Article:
By LOLITA C. BALDOR
The Associated Press
Friday, February 9, 2007; 11:07 PM
MUNICH, Germany -- Serial numbers and other markings on bombs suggest that Iranians are linked to deadly explosives used by Iraqi militants, Defense Secretary Robert Gates said Friday in some of the administration's first public assertions on evidence the military has collected.
While the Bush administration and military officials have repeatedly said Iranians have been tied to terrorist bombings in Iraq, they have said little about evidence to bolster such claims, including any documents and other items collected in recent raids in Iraq.
National security officials in Washington and Iraq have been working for weeks on a presentation intended to provide evidence for Bush administration claims of what they say are Iran's meddlesome and deadly activities.
The materials _ which in their classified form include slides and some two inches of documents _ provide evidence of Iran's role in supplying Iraqi militants with highly sophisticated and lethal improvised explosive devices and other weaponry. Among the weapons is a roadside bomb known as an "explosively formed penetrator," which can pierce the armor of Abrams tanks with nearly molten-hot charges. One intelligence official said the U.S. is "fairly comfortable" it knows where the explosives came from.
The Iran dossier also lays out alleged Iranian efforts to train Iraqis in military techniques.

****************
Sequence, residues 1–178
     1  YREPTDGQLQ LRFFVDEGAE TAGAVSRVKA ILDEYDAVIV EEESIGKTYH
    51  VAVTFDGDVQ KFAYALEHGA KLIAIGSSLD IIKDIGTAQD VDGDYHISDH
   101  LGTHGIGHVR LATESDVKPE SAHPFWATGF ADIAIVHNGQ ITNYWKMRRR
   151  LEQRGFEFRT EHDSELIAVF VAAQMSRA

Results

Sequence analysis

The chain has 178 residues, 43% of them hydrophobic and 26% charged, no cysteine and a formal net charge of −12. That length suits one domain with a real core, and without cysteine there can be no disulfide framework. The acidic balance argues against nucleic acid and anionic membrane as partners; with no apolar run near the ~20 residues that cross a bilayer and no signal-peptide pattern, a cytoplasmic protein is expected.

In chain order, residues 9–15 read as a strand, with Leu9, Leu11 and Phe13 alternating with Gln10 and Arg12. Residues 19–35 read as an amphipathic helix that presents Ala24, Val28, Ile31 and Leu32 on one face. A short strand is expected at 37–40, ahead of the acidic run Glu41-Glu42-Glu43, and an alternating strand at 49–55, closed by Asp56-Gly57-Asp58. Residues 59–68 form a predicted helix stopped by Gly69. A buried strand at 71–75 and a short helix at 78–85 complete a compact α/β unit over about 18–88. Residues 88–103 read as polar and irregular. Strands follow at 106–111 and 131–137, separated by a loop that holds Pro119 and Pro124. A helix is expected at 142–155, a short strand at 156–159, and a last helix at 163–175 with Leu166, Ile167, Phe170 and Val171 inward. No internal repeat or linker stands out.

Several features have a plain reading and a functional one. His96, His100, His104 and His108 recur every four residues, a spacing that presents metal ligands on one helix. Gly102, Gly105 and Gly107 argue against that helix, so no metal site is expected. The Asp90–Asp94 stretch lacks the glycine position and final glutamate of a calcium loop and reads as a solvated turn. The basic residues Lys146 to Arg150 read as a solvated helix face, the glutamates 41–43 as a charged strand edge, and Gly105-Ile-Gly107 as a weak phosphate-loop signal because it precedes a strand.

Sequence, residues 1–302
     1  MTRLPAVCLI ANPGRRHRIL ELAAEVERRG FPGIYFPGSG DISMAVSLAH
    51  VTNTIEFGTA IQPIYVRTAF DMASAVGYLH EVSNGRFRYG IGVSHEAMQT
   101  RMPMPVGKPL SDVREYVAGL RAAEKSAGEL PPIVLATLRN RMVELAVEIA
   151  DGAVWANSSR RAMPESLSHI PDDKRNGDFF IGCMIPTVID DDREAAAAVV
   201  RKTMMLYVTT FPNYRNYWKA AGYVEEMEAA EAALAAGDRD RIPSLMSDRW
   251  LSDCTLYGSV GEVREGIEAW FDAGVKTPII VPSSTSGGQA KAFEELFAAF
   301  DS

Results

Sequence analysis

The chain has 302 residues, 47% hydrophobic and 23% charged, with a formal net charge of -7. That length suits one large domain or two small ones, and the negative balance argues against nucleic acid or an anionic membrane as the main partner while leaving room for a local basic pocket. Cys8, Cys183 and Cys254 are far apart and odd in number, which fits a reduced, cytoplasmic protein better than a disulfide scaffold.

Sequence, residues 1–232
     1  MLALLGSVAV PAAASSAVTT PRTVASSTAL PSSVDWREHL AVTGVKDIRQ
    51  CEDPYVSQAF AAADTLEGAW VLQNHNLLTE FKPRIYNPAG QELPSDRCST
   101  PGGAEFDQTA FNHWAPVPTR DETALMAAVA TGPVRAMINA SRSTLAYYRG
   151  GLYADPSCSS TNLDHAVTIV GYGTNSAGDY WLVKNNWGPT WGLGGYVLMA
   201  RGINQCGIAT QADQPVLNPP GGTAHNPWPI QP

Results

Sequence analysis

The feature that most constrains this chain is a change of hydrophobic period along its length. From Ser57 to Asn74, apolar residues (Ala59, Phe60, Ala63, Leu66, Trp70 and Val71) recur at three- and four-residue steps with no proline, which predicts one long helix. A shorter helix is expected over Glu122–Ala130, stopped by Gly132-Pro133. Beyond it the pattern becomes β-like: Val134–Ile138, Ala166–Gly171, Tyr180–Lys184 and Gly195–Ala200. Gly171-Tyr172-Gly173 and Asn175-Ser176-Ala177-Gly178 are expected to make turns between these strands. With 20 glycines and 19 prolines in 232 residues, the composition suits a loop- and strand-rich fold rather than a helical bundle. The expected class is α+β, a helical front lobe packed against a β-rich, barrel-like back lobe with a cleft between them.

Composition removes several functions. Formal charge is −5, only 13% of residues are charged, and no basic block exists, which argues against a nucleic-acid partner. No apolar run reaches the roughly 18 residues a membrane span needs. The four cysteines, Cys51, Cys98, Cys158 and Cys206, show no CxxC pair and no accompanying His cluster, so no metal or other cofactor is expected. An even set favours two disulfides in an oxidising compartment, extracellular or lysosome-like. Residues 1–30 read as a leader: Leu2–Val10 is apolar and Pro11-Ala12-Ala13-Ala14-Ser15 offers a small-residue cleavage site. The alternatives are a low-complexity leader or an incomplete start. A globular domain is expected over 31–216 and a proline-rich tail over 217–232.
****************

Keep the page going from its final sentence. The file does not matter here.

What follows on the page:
Yet, government officials say there is some disagreement about how much to make public to support the administration's case. Intelligence officials worry the sources of their information could dry up.
Among the evidence the administration will present are weapons that were seized in U.S.-led raids on caches around Iraq, one military official in Washington said on condition of anonymity because he was not authorized to speak publicly.
Other evidence includes documents captured when U.S.-led forces raided an Iranian office Jan. 11 in Irbil in northern Iraq, the official said. Tehran said it was a government liaison office, but the U.S. military said five Iranians detained in the raid were connected to an Iranian Revolutionary Guard faction that funds and arms insurgents in Iraq.
The assertions have been met with skepticism by some lawmakers still fuming over intelligence reports used by the administration to propel the country to war with Iraq in 2003. Gates' comments came as a new Pentagon inspector general's report criticized prewar Defense Department assertions of al-Qaida connections to Iraq.
Speaking with reporters in Seville, Spain, on Friday before traveling to Munich, Gates told reporters that markings on explosives provide "pretty good" evidence that Iranians are supplying either weapons or technology for Iraqi extremists.
"I think there's some serial numbers, there may be some markings on some of the projectile fragments that we found" that point to Iran, he said.
Gates' remarks left unclear how the U.S. knows the serial numbers are traceable to Iran and whether such weapons would have been sent to Iraq by the Iranian government or by private arms dealers.